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Micromanage my wine pairings?


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#1 voyager

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Posted 06 October 2015 - 04:11 PM

Couldn't find a comparable thread, so here goes.   

 

I'm resurrecting an old workhorse from the 60s to serve in the living room before dinner:   (italian tuna/pickled veggie/tomato) antipasto.    Considering the pickle influence and the red wine vinegar in the "sauce", what do you suggest for wine?    I'm considering a pinot gris or friend.    On base or not?   Haven't the slightest memory of what used to work, or in those days did we care?


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#2 Wilfrid

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Posted 06 October 2015 - 04:14 PM

I think it would suit the period and the dish to take a dry martini.



#3 Sneakeater

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Posted 06 October 2015 - 04:15 PM

Sherry?


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#4 Peter Creasey

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Posted 06 October 2015 - 05:28 PM

Viognier or Muscadet or maybe a dry Riesling.


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#5 voyager

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Posted 06 October 2015 - 05:47 PM

I like all of these suggestions.    Have better viognier and riesling on hand than sherry.    I actually like the martini concept but I think these people are that in between generation that never got off on martinis, now into good wine.    By the way, is there a "martini story" thread here?    I can imagine some lulus.


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#6 joethefoodie

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Posted 07 October 2015 - 03:27 PM

Make 'em a good martini and trust me, they'll "get off."

 

Or a 50/50 Martini.

 

Or a Bamboo.

 

That is, if you want a cocktail.

 

And I could actually see a Negroni going nicely with that antipasto.



#7 voyager

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Posted 10 October 2015 - 05:54 AM

Went with sherry. Stunning! A revelation of "whole is greater than sum etc. Plus one guest almost sobbed as she recalled her Italian nana serving similar antipasto. A great retro.

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not my monkeys.


#8 Neocon maudit

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Posted 05 November 2015 - 05:21 AM

Does Albariño go well with tacos?



#9 Sneakeater

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Posted 05 November 2015 - 05:24 AM

I don't see that myself.


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#10 Sneakeater

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Posted 05 November 2015 - 05:24 AM

What kind of tacos?


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#11 Neocon maudit

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Posted 05 November 2015 - 01:54 PM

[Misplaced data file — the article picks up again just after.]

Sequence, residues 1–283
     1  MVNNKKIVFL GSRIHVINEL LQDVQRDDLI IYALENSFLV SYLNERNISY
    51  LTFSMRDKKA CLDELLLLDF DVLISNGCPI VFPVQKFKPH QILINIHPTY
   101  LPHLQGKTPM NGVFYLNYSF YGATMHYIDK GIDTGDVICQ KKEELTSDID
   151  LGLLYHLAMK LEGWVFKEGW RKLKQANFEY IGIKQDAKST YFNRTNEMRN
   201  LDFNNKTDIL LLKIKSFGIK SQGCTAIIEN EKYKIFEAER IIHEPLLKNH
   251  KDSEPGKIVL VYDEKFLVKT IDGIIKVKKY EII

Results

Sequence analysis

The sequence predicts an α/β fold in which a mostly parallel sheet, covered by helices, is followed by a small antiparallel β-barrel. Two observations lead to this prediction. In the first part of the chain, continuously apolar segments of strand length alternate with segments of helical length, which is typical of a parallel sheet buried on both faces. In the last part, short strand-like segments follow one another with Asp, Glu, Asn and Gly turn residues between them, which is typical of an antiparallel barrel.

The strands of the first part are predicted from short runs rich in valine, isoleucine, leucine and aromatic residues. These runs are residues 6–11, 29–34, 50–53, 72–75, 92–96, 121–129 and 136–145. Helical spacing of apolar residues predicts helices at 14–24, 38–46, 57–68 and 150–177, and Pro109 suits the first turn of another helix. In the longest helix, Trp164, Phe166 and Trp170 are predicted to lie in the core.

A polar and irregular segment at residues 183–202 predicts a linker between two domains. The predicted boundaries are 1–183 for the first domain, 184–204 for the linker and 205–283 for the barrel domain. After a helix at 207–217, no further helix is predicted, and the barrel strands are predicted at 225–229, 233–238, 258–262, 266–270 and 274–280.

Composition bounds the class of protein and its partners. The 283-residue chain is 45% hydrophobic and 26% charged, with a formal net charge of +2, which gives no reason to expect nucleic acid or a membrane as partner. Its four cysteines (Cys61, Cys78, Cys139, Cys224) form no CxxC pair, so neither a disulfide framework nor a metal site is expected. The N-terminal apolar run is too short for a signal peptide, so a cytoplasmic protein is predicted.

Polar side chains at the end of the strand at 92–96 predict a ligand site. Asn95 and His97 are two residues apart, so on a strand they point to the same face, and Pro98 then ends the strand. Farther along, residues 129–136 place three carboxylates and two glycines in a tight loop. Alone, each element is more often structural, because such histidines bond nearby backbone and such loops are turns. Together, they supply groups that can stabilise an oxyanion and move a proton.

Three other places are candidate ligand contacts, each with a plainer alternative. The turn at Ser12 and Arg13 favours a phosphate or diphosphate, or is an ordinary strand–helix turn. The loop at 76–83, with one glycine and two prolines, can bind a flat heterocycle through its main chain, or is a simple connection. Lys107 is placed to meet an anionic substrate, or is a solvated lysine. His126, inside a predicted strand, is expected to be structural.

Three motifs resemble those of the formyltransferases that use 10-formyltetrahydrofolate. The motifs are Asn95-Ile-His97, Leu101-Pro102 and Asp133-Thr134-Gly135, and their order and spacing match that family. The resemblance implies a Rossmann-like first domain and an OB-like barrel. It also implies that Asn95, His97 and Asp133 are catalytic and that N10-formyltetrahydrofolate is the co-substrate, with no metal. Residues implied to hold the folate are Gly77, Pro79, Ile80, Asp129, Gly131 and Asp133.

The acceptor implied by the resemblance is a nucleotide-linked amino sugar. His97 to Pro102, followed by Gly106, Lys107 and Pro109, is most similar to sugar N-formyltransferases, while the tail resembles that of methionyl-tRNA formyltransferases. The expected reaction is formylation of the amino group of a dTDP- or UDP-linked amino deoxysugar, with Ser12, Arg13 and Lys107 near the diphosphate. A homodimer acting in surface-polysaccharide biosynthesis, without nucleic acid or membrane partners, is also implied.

We got tacos from Los Gueros ['los gueros' means blondes?] in Bloomfield.  I got carnitas and al pastor. 

 

I decided to try albariño owing to its reputation as a summer wine.  The particular one we got wasn't necessarily the greatest match.  I think something drier would have been more appropriate.



#12 joethefoodie

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Posted 05 November 2015 - 02:02 PM

We're going to be in Rome when Roscioli is doing this tasting:

 

here we are with a historical portrait of Trebbiano, Cerasuolo and Montepulciano.

 

 

Valentini. A historic vertical

 

 

Montepulciano in years: 1990, 1994, 1995, 1997, 2006

Trebbiano in years: 1990, 1992, 1995, 1998, 2000, 2006, 2008, 2009, 2010

Cerasuolo in years: 2006, 2009

 

 

Thoughts? It's 90 euros for the tasting and I'm pretty sure there's at least some food involved.

 

Sounds like a really big hangover is inevitable.



#13 Sneakeater

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Posted 05 November 2015 - 03:10 PM

We got tacos from Los Gueros ['los gueros' means blondes?] in Bloomfield.  I got carnitas and al pastor. 

 

I decided to try albariño owing to its reputation as a summer wine.  The particular one we got wasn't necessarily the greatest match.  I think something drier would have been more appropriate.

 

To tell you the truth, I'm not a big fan of wine with Mexican food to begin with.


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#14 Wilfrid

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Posted 05 November 2015 - 03:12 PM

With Mexican food, as with Indian, I tend to go big, red and fruity.  I think anything else gets lost.  I know there's a pro-Riesling school of thought with Indian food.



#15 Sneakeater

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Posted 05 November 2015 - 03:13 PM

We're going to be in Rome when Roscioli is doing this tasting:

 

here we are with a historical portrait of Trebbiano, Cerasuolo and Montepulciano.

 

 

Valentini. A historic vertical

 

 

Montepulciano in years: 1990, 1994, 1995, 1997, 2006

Trebbiano in years: 1990, 1992, 1995, 1998, 2000, 2006, 2008, 2009, 2010

Cerasuolo in years: 2006, 2009

 

 

Thoughts? It's 90 euros for the tasting and I'm pretty sure there's at least some food involved.

 

Sounds like a really big hangover is inevitable.

 

Well, those are certainly expensive wines.

 

I love the Trebbianos at home -- when I can bring myself to open one.


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